Being in the professional music business takes a toll on mental health. The climb through the music industry’s ranks can be tough to the artists’ mental health. The Smashing Pumpkins frontman Billy Corgan recently highlighted the concerning issue during a recent interview with Boomer and Gio of New York’s WFAN Radio by noting just how many of his peers lost their lives to suicide.
Billy Corgan opens up on suicide
It is needless to mention how several popular musicians from Corgan’s generation took their own lives – Kurt Cobain, Chris Cornell, and Chester Bennington are some of the names and that’s even before death from substance abuse like Layne Staley or Mother Love Bone’s Andrew Wood taken into the account.
As Corgan argues, the music industry is far behind in this aspect when compared to other avenues of entertainment, even though history has given it plenty of reasons to take this matter much more seriously (via Loudwire):
“I don’t know if you can be happy in the music business because the music business is sort of designed to mess with your head.”
Giving the example of Jimi Hendrix, Corgan went on:
“I think the music business in particular has been very late to the game with mental health and artists. You spoke about Jimi Hendrix. We lost Jimi Hendrix at 27 years old to addiction and think of all the music that Jimi Hendrix didn’t make. We’re still talking about Jimi Hendrix 54 or 55 years after his death. I get lost in there because it’s so sad to me.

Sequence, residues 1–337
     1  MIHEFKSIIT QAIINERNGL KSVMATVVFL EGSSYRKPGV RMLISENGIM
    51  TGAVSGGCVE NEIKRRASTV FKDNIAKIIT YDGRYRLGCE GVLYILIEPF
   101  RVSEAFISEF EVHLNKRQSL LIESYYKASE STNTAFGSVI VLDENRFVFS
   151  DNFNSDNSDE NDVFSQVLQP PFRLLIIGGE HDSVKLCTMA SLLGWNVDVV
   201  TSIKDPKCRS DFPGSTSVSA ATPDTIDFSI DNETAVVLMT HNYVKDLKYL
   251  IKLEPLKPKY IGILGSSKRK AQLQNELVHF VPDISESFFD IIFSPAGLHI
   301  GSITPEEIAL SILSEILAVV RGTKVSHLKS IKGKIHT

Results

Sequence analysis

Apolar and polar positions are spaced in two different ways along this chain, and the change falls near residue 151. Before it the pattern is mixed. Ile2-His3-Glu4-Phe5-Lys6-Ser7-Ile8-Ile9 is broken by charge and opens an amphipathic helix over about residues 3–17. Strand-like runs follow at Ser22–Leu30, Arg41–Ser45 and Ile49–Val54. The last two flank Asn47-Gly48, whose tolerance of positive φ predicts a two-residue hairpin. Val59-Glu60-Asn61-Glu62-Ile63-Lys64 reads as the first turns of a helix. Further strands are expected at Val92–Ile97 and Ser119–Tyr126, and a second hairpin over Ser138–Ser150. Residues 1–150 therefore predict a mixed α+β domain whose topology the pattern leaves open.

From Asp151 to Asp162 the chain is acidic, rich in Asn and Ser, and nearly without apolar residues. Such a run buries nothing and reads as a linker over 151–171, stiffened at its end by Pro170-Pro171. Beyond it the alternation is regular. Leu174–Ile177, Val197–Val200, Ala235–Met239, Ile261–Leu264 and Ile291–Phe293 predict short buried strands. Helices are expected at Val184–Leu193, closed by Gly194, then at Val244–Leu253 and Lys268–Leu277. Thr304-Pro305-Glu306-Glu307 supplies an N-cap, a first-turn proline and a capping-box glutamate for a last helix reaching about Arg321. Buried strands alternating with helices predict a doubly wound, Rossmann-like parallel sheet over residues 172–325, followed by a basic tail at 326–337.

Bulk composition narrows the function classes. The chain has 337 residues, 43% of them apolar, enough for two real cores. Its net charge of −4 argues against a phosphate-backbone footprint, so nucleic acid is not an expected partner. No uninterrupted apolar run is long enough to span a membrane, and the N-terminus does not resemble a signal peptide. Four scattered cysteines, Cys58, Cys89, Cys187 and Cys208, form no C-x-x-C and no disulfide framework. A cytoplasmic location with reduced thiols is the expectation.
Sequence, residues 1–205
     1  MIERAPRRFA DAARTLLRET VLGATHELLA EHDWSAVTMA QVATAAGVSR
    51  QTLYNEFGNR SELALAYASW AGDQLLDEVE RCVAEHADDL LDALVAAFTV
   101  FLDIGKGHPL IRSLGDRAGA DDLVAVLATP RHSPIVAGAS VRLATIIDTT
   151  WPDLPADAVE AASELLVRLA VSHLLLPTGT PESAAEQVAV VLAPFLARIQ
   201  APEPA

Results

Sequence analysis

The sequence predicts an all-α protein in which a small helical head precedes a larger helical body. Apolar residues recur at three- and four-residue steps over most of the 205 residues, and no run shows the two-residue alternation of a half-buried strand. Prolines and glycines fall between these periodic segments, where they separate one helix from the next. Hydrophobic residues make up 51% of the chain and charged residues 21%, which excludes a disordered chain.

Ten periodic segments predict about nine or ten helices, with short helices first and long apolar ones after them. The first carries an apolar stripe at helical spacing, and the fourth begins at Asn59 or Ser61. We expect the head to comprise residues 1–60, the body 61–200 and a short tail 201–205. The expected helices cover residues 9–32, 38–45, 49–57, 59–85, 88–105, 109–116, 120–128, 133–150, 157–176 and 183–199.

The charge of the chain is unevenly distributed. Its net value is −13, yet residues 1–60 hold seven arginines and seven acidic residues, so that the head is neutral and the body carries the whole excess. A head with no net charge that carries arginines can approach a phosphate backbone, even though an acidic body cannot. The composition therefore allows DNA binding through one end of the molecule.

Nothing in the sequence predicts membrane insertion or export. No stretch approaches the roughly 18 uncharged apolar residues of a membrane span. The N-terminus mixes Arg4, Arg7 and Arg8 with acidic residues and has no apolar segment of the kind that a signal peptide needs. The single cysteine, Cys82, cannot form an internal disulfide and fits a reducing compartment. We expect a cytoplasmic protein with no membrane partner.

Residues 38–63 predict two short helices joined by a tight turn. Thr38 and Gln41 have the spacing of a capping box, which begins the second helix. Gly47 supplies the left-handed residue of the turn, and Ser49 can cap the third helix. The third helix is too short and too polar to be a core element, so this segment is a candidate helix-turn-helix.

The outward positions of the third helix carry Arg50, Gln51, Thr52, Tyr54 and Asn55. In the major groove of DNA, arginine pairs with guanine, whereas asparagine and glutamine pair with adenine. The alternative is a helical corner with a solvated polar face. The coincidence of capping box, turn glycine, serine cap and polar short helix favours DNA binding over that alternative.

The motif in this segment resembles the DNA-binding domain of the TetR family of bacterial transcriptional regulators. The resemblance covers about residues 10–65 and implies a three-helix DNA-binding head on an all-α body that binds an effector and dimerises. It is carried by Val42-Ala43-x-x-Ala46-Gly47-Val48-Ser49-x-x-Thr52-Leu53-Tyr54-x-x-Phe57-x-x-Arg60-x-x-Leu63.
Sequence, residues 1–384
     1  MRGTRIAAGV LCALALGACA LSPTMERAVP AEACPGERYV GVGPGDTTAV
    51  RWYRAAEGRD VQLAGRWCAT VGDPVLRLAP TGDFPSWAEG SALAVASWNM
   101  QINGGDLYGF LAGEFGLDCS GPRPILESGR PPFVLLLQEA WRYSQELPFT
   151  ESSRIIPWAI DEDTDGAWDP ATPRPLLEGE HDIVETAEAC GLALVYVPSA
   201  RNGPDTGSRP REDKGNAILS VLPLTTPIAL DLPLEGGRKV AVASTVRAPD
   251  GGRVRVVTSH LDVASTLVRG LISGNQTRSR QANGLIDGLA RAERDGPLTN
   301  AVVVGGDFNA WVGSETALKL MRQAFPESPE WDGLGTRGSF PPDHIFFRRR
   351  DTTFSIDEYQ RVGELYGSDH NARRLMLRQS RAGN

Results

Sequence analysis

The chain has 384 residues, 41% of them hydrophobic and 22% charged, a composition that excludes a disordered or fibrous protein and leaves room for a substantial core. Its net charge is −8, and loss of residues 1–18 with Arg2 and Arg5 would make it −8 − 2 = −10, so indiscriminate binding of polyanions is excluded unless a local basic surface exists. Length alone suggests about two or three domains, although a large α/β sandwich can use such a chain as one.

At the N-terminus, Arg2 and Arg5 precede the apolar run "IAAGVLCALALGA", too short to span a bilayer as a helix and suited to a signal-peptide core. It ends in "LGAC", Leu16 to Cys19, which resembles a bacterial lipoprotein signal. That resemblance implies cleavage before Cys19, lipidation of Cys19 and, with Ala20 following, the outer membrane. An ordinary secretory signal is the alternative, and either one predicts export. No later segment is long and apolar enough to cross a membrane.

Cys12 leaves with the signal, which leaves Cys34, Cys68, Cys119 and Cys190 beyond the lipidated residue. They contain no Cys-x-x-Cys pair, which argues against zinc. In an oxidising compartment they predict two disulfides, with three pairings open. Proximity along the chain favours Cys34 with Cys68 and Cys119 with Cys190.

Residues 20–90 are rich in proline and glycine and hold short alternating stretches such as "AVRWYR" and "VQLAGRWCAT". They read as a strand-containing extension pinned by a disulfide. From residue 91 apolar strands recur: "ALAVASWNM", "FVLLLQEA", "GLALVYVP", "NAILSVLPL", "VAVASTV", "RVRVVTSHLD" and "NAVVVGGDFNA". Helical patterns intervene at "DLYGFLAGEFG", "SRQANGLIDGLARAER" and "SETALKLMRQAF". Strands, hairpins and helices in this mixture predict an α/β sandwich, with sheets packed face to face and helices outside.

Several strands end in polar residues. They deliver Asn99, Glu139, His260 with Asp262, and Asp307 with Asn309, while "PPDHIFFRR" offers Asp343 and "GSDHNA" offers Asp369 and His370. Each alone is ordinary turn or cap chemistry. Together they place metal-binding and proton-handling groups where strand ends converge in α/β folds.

“The music business has been slow to understand that when you find a needle in a haystack, which an NFL top level quarterback is, the NFL has figured it out but the music business hasn’t because the music business is based more on exploitation, which goes back to more of its 20th century roots, but I think the 21st century of the music business should be a legacy of finding artists young, fostering them and making sure that they go on to create great music for generations to come.”
He then called out the lack of “support systems” that would have prevented the tragic loss of life to suicide within his generation a “travesty”, Corgan said:
“Think of all the people my generation has lost just to addiction and suicide alone. It is a travesty that there wasn’t more support systems around those artists. I don’t mean to throw shade at anybody. I just know how the business works. It’s one of exploitation.”
Corgan believes “blessed” for being able to count himself among the early ’90s artists who remain active even today:
“I feel blessed, so that’s the start of every sentence. I would just like people to say he made it through, and if that inspired them to try harder, great. I’m not trying to be that role model, but I don’t want to be on the other end of the casualty list.”